It’s the other four-letter word. The D-word. The D-bomb.
Why do we hate that word so much?
Hunger. Failure. Rules. Restrictions. Deprivation. Expectations.
Rebound weight-gain. Eating disorders. Strained relationships.
Bad foods. Bad moods. Bad breath. Guilt.
There are so many negative associations with the word diet, it’s no wonder that over half the North American population is overweight. We hate dieting. It’s torturous. Tacky. Totally depressing. And even worse, dieting doesn’t seem to work.
Tuyển tập các báo cáo nghiên cứu về sinh học được đăng trên tạp chí sinh học thế giới đề tài: Genetic parameters related to environmental variability of weight traits in a selection experiment for weight gain in mice; signs of correlated canalised response
Tuyển tập báo cáo các nghiên cứu khoa học quốc tế ngành hóa học dành cho các bạn yêu hóa học tham khảo đề tài:
A high calcium diet containing nonfat dry milk reduces weight gain and associated adipose tissue inflammation in diet-induced obese mice when compared to high calcium alone
Tuyển tập các báo cáo nghiên cứu về y học được đăng trên tạp chí y học General Psychiatry cung cấp cho các bạn kiến thức về ngành y đề tài: Association between antipsychotics and weight gain among psychiatric outpatients in Pakistan: a retrospective cohort study...
Tuyển tập các báo cáo nghiên cứu về sinh học được đăng trên tạp chí sinh học quốc tế đề tài: Impact of two myostatin (MSTN) mutations on weight gain and lamb carcass classification in Norwegian White Sheep (Ovis aries)
Tuyển tập báo cáo các nghiên cứu khoa học quốc tế ngành y học dành cho các bạn tham khảo đề tài: Genetic study of Dandarawy chickens: I. Heritabilities and genetic correlations of body weight and weight gain
How many of you have dieted unsuccessfully? Maybe you've dieted not once, not twice, but maybe for a lifetime, starving yourself or drinking some awful shake, to
find it worked only temporarily. You lose ten pounds, taking three to four weeks to accomplish this, and in one short weekend, you've gained it all back.
I think that we have all been there, done that. Dieting simply does not work.
I'm going to teach you the things that do work. You're going to find out why you have gained weight, or have always been packing around that extra poundage. (Most
people try to lose weight...
Imagine for a moment that you are a woman who weighs 350
pounds. Only two months ago, you weighed 342 pounds and, in
spite of diets and promises and tablets bought over the Internet,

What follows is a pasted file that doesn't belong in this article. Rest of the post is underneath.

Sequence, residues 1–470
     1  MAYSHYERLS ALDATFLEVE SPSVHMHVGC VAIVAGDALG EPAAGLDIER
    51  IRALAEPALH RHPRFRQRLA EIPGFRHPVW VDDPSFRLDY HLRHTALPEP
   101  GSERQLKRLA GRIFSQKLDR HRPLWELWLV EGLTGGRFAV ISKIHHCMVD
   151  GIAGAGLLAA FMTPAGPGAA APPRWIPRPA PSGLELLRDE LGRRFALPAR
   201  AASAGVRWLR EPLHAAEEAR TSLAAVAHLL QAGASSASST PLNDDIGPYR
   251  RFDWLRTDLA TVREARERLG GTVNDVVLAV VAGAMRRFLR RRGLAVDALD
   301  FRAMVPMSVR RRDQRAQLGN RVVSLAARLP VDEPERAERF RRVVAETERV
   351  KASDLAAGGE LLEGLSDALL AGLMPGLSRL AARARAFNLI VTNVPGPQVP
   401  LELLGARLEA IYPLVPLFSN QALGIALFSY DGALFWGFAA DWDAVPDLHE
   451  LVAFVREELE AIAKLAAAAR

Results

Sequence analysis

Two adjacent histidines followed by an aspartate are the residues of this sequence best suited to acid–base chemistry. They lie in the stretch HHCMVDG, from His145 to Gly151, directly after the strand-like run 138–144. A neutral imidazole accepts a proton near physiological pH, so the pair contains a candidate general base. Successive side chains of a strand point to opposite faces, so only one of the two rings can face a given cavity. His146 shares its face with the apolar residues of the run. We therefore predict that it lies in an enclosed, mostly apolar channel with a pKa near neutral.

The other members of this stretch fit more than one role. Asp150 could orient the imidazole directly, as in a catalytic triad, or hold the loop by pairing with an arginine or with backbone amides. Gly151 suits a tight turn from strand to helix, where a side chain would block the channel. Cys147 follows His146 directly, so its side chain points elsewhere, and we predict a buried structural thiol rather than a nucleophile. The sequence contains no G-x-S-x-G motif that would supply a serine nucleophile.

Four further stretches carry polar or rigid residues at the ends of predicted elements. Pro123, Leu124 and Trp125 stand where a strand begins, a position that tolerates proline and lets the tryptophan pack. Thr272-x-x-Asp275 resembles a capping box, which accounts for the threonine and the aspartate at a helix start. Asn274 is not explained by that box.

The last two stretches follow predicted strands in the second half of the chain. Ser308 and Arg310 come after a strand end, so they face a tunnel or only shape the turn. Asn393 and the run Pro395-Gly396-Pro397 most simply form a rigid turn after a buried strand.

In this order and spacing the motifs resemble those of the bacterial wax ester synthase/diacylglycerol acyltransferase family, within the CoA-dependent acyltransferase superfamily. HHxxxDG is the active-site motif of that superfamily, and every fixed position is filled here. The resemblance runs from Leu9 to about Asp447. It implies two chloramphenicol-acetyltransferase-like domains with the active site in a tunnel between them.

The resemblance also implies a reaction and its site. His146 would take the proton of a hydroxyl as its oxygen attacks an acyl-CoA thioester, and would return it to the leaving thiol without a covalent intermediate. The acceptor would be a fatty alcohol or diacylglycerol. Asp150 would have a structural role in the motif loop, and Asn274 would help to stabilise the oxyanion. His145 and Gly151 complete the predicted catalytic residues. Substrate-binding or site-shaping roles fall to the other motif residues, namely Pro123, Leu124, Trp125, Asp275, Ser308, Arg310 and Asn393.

you gained another eight pounds. You have given up on exercise
because it left you breathless; at night, your face is covered by an
oxygen mask that, at least, lets you get some sleep. Three years
ago you learned that you have diabetes; a year ago you were told
that you needed to have your knee replaced. Your husband left
right after the last pregnancy, one of three children who are now
all ashamed to...
When I started practicing medicine twenty-five years ago, I
followed the party line. I recommended calorie counting and
low-fat diets for weight loss and was usually disappointed by the
results. People just kept gaining weight. Then, in the 1990s,
some of my patients started ignoring warnings about fat and
cholesterol and going on low-carb diets. The results were astonishing.
Folks who had been unsuccessful at losing weight for
years started shedding pounds more easily than they thought
possible even as they ate generous amounts of rich food.
I am a cardiologist—a physician who specializes in the prevention and
medical treatment of heart disease. I have spent the past twenty-five
years fully engaged in the battle to lower the likelihood of heart disease
for my patients and my country. In addition to my work with patients,
I have written several cardiology textbooks and continue to edit the
major intensive care textbook in the country, Irwin and Rippe’s Intensive
Care Medicine. I have also written books for the general public concerning
simple steps that we can all take to lower our risk of heart disease.
When I was in college at the University of Toronto and struggling with
my own weight (I gained twenty pounds over four years) and constantly
in a rush and under deadline, I took shortcuts to get through the